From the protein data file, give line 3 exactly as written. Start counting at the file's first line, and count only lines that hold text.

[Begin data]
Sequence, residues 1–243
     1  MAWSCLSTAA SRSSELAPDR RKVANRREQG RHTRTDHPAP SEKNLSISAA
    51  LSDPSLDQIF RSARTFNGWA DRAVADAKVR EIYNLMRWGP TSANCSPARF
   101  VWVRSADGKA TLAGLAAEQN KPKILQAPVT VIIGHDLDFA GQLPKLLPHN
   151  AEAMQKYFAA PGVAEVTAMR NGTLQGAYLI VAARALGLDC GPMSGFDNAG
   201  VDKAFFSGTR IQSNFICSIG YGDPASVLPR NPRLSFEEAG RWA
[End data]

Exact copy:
    51  LSDPSLDQIF RSARTFNGWA DRAVADAKVR EIYNLMRWGP TSANCSPARF